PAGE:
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Old Time Radio War Bond Program

The heroism of the American fighting men during the Second World War was beyond measure. Bravery alone was not enough to prosecute the war, however. The conflict had an enormous impact on the economy of every nation involved.

Buy War BondsTaken as a whole, WWII was beneficial to the US economy; more than a third of the nation's economic output would be in war related industries. The resources to operate the War machine had to come from somewhere, and the demand was greater than the National Treasury could support at the beginning  of the war.

President Roosevelt turned to Treasury Secretary Henry Morgenthau for solutions. The three options Morgenthau explored were raising taxes, printing more money, or seeking a loan from the American people. Raising taxes would have been the simplest, but increased taxation is never popular, and may have strained the isolationist attitudes that prevailed in the pre-war years. For the government to simply print more money also seemed a natural solution, but was likely to result in an overall devaluation, as well as rampant inflation.

Taking a loan from the citizenry in the form of bonds held a number of significant advantages. Money invested in bonds was effectively taken out of circulation, thereby helping to reduce inflation, but it would reenter the economy, presumably after the war, when it would act as a stimulus as the economy transitioned to peacetime. More significantly, buying bonds was a way for the general population to participate in the War Effort without having to be on the front lines.

The Series E Bonds sold for 75% of their face value, and every effort was made to make buying Bonds simple and even fun. Businesses were encouraged to set up payroll deductions for Bonds. Bond sales kiosks were set up in theater lobbies and shopping area. Promotional materials were everywhere, including a cardboard folder with cutouts to hold 75 quarters-after collecting $18.75, the whole thing could be traded for a $25 Bond.

The Treasury Department saw the benefit of celebrity endorsement, and Hollywood welcomed the chance to be a significant part of the War Effort. Actors went on War Bond Drives, holding rallies across the country. One of the most notable was when singer Kate Smith tapped into the power of radio. Best known for her rendition of "God Bless America", Smith held a 16 hour marathon Bond Drive on the air, which netted more than $40 million in Bonds sold.

The Treasury Department itself got into show business with a series of well produced radio programs which were advertisements for War Bonds:

War Bonds
Any Bonds Today
The 15 minute syndicated program
Any Bonds Today? featured patriotic music and a short patriotic play, such as Henry Fonda's portrayal of a ghostly visitor to Abraham Lincoln on the eve of the Gettysburg Address.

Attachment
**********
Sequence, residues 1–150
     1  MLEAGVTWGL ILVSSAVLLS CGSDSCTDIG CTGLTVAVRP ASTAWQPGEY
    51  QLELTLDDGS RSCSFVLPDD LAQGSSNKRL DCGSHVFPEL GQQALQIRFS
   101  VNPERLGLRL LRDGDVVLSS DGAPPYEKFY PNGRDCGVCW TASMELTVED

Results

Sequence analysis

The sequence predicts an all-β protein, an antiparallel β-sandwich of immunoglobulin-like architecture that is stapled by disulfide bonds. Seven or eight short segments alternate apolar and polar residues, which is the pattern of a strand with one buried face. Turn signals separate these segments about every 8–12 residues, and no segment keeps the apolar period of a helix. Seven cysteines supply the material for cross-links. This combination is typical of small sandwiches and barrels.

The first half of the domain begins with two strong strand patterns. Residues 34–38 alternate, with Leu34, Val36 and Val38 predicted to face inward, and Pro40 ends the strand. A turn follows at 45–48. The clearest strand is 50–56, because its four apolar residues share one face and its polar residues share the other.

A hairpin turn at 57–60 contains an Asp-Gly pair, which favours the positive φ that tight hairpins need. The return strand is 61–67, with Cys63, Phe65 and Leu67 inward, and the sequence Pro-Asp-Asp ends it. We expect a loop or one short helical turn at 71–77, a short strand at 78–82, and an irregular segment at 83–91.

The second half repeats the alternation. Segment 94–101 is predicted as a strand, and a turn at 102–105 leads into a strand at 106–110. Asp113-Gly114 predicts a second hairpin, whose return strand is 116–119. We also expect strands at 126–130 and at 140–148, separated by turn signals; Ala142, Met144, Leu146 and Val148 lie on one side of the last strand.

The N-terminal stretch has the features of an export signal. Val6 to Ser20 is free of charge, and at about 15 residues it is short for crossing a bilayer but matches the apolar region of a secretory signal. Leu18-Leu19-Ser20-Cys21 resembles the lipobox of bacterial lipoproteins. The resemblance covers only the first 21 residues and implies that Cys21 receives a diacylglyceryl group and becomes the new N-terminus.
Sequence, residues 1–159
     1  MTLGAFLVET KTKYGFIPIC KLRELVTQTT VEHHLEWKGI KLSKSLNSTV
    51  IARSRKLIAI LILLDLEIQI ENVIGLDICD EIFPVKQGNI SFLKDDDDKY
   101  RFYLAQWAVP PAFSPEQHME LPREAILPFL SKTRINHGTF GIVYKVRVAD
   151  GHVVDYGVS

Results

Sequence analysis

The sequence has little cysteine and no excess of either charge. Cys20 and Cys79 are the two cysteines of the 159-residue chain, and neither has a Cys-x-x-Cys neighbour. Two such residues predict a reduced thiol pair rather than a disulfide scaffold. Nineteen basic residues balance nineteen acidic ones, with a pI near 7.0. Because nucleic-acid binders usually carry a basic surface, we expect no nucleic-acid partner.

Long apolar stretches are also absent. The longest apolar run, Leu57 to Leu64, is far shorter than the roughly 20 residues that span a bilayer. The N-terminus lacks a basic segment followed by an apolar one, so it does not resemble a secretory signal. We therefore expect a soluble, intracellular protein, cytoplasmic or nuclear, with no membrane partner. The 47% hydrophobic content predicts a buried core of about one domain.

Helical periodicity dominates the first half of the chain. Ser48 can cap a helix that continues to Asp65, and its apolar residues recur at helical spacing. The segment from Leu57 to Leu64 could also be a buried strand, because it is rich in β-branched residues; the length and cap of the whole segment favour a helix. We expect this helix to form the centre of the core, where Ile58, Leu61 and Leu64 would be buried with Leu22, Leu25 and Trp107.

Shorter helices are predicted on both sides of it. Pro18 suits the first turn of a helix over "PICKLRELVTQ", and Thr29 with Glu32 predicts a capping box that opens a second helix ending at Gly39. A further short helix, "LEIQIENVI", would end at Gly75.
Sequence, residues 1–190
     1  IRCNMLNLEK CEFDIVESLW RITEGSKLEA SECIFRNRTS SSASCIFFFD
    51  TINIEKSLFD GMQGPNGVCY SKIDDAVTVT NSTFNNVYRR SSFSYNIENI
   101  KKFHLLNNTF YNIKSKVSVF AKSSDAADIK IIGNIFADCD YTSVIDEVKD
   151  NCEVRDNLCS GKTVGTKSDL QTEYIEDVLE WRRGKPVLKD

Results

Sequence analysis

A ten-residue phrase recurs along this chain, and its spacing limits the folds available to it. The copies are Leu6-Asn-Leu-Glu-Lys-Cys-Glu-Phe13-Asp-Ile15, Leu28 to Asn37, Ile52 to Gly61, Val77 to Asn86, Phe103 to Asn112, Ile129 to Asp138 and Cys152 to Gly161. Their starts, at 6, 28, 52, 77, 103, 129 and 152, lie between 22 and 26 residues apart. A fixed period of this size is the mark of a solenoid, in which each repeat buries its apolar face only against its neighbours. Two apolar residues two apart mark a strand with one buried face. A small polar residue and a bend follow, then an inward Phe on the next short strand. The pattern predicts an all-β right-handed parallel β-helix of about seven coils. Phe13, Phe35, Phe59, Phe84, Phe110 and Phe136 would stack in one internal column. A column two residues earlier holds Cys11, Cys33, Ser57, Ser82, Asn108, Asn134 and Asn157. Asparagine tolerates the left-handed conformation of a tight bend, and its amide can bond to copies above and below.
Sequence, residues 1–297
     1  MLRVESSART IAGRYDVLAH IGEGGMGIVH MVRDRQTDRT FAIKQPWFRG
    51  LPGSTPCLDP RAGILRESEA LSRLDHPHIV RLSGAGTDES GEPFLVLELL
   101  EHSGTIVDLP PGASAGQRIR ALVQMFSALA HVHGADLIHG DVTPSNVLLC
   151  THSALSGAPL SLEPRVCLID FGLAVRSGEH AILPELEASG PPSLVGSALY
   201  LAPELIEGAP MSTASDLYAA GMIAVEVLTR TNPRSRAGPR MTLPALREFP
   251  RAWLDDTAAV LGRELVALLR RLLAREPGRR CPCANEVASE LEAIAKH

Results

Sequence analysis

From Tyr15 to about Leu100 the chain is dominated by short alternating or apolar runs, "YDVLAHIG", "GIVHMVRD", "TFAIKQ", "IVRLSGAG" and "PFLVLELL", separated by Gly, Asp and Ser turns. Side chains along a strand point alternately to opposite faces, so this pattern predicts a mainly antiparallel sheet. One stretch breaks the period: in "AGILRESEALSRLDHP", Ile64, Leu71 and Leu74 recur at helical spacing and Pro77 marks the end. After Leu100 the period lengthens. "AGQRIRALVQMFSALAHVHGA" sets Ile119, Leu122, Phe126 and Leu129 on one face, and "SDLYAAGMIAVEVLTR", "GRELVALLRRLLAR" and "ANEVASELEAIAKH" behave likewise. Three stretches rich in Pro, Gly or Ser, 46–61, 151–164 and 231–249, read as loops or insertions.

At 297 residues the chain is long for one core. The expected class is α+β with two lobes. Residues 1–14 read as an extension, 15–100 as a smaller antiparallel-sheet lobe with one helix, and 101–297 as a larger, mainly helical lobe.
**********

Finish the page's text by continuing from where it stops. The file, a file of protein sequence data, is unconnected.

Fourth for the Fifth
Four For the Fifth
was a short series of Radio plays written by Arch Oboler and Suspense producer William Robson for the Fifth War Loan Drive in 1944.

Music for Millions
Music for Millions
Music For Millions, popular singers and musicians would perform one or two of their popular songs, along with a number or two featuring lyrics with a more direct Bond related message.

Guest Star Radio
Guest Star Radio
After the War, the Treasury Department commissioned the
Guest Star Show to pitch for the renamed Savings Bonds. Guest Star Radio featured top name entertainers doing their bits for Uncle Sam.

New World
New World A' Comin' 
This series was not a Treasury Department production. It was a presented by New York's Citywide Committee on Harlem and mostly addressed the issues of Black Americans, but the show emphasized the black community's stake in the War.

Keep Em Rollin
Keep 'Em Rollin
The War Production Board produced Keep 'Em Rolling, and showcased the many ways that Americans could contribute to the War Effort, such as volunteering for Civil Defense, military service, working in War related industries, and of course buying Bonds.

Over Here
Over Here 
This radio series was a sustained presentation of the Blue Network, and the music and laughs were designed as much as a morale boost for Servicemen as they were Bond plugs.

These Are Our Men
These Are Our Men
The Parker Watch Company sponsored the extraordinarily well produced biography program
These Are Our Men. The show profiled a number of Allied military leaders, and emphasized that the program was not intended to sell watches, but to promote Bond sales. Perhaps more effort should have gone into watch sales; Parker Watches closed their door in 1951.

Treasury Salute
Treasury Salute
This series was part of the Fourth War Loan Drive. The show offered salutes to Americans from all walks of life, from river and harbor workers to restaurant workers, even Radio and the Motion Picture industry! During the Fifth War Loan the show changed slightly to biographies of individual servicemen as well as figures from American literature.

Treasury Star
Treasury Star Parade
Featuring a patriotic play, usually with Hollywood stars among the players.

In 2010, the New York Times published an editorial asking why a War Bond Drive would not be appropriate to help finance the War on Terrorism. The author arrives at a few interesting conclusions. Among them, the American economy has become dependent on consumerism, and taking money out of circulation with bonds would be harmful. Plus, the thought of Tyra Banks and Britney Spears holding Bond Rallies in the Midwest is ridiculous. 

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